My husband and I decided to home educate long before we even had our boys. In the meantime, I was an active Florida Licensed Educator in the public school system. When our boys arrived I immediately began “schooling” them with flashcards, math concepts, music, art, educational DVDs, Spanish, bike rides, and stories….lots and lots of read-alouds! I know it sounds like a lot, however, our days were fun, relaxed, slow-to-go-at-our-own-pace sort of days but filled with those great early education concepts and always lead by our boys‘ interests in any given moment.
All of a sudden, when the time came for us to legally register our older son in our county as a home education student, things seemed to shift in my mind. I felt as if we needed a more structured plan of action. I prepared lengthy lessons in a Lesson Planner that enveloped our entire days ensuring to change activities every 20 minutes and I could not, for the life of me, understand why life was all of a sudden so tense and why we all felt so extremely exhausted!
What I discovered was that I needed to slow down and relax, but further, I needed to UNschool MYSELF! I’d taken my own experiences from being a Licensed Educator in a public school environment geared toward deadlines, goals, tests, and stress, and applied it to the education of our five and two year olds. I had to remind myself that the reason we had chosen to home educate was for flexibility and the ability to educate in a calm child-lead fashion, which I certainly was not allowing. But I had so much to teach them, right!? I am so glad that now I can look back and laugh at myself!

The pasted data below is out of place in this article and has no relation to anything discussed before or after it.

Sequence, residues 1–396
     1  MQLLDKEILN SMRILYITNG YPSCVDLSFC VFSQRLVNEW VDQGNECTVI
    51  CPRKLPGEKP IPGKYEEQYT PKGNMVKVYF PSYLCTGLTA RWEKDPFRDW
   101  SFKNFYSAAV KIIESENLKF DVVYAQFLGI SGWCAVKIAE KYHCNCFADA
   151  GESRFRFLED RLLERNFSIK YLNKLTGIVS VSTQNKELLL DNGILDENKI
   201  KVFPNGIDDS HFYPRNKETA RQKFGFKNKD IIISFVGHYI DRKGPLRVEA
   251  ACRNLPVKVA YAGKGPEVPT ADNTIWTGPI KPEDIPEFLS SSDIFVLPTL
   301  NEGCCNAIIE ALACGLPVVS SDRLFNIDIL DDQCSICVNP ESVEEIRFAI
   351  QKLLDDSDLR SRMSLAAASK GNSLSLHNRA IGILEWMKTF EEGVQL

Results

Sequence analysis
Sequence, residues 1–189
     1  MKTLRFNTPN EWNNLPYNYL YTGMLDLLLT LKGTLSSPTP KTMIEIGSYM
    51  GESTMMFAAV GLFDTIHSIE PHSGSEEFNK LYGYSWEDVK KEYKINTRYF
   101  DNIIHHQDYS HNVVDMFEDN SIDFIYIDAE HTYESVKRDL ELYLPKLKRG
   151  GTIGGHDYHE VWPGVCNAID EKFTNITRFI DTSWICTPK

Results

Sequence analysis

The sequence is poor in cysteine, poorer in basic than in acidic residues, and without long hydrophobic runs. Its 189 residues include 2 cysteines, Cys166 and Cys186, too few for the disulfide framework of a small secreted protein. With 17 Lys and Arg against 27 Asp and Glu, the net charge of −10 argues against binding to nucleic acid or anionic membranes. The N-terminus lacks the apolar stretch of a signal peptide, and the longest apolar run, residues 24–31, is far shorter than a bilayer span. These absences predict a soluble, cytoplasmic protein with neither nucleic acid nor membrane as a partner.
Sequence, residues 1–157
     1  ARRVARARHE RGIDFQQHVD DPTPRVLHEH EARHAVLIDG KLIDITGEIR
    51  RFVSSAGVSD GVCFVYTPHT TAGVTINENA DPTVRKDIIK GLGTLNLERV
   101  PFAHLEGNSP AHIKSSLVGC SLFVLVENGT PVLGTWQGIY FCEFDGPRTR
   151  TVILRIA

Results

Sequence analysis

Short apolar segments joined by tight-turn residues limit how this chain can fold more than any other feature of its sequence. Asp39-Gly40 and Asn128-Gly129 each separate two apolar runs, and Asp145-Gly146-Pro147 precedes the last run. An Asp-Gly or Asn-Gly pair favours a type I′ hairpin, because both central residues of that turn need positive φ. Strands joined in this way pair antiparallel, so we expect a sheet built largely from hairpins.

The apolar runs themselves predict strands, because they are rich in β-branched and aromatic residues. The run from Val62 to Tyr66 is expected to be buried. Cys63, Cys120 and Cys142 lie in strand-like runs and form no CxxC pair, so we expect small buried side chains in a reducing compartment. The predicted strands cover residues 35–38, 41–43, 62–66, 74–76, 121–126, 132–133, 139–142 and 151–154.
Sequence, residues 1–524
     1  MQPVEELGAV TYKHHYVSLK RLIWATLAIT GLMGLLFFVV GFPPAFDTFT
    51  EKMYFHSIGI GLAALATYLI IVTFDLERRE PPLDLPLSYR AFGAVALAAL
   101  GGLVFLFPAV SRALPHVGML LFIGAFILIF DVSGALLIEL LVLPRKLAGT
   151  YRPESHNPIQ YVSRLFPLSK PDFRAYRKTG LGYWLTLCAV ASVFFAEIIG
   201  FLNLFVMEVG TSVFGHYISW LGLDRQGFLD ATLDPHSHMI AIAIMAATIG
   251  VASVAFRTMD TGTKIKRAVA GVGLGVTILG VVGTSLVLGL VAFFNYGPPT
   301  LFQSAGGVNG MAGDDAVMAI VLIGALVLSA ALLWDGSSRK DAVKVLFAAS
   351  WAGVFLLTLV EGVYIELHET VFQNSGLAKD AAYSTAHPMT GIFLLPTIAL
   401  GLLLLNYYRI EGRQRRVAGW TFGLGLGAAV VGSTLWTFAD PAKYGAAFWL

Of course I didn’t want to fail our boys. But our little boys undoubtedly could wait on school day itineraries filled with literally minute-to-minute activities. I’ve learned that while structure has its role in our home education, flexibility must remain at the ready as well.
I have to admit that more than six years later I still sometimes need to resist the temptation to completely fill our days or to push ahead. It’s good to take that snuggle break, or go for another bike ride, or lie in bed reading yet another chapter while Math or English wait. I may sometimes wrestle with the sense of urgency I feel to teach them everything in one day, one month, or one school year but at least I’m better at penciling in our activities so they can be easily erased, changed, or added.
Something that always helps me keep perspective and remain encouraged is the support of those who’ve walked before us. Those with older children in our home school group we can look up to and seek guidance from, as well as through those who share their stories via FPEA. I see therefore, I am encouraged. I am strengthened. We are not alone.
By Michelle L. Ellis, FPEA Ambassador